What is the pi number and how it was calculated in different eras

On 14 March (3.14 in the American date system), the world celebrates the Day of the Number “pi” — this is the name of the Greek letter π. Its first three significant digits, 3.14, are probably known to everyone who is at least a little familiar with mathematics. In fact, there are an infinite number of them, and scientists want to know as many of them as possible. Why do they need to know them and how did our ancestors calculate this number?

The ancient Egyptians noticed that the ratio between the length of a circle and its diameter is a constant: if you “unwrap” a rope wrapped around a cylinder of arbitrary diameter, its length will be equal to three diameters of this cylinder and a little more. The value of this “little bit” has long puzzled mathematicians. At first, it was quite enough to assume that it “fits” into the diameter seven times. But later, when more precise calculation methods became available, it became clear that things were not so simple.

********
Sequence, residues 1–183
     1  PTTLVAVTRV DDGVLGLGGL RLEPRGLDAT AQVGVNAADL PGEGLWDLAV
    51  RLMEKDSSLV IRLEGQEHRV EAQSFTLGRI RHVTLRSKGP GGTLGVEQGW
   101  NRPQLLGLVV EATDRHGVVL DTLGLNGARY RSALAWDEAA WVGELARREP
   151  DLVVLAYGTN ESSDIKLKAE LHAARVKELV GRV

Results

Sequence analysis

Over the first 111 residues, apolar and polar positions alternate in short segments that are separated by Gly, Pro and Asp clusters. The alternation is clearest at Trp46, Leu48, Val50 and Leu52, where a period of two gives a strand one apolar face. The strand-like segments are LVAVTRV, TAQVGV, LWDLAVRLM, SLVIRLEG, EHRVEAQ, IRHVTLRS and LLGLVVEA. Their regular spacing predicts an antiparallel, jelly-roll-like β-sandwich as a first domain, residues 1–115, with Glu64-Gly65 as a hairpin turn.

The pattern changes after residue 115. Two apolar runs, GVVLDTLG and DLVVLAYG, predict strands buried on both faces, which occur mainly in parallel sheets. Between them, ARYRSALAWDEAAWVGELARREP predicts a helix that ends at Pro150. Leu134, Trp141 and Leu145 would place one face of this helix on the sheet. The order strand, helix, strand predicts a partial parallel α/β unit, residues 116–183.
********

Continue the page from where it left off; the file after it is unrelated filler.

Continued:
If we convert 1/7 to a decimal, we get 0,142857142857142857… – an endless sequence of six digits that repeats periodically. This repetition of a longer or shorter “digit chain” is characteristic of all rational fractions that are formed by dividing any two integers by each other. Since in everyday life we use the decimal system based on the prime numbers 2 and 5, dividing by them, their powers, or the product of their arbitrary powers will give a finite sequence of digits, such as 0.04 or 3.75. All the others will form so-called periodic fractions.

Ancient Greek scientists began to calculate the value of the most important constant as an intermediate value between the lengths of the perimeters of regular polygons described and inscribed in a circle of unit radius. By the way, this is where the designation π originated, which was originally used to denote the length of half the perimeter. It was its ratio to the radius denoted by the letter ρ that gave the desired value. For a long time, it was denoted as π/ρ. The “lonely” letter π was first used in 1706 by the English mathematician William Jones in his work Synopsis Palmariorum Matheseos, after which it became common. But let’s go back to ancient Greece.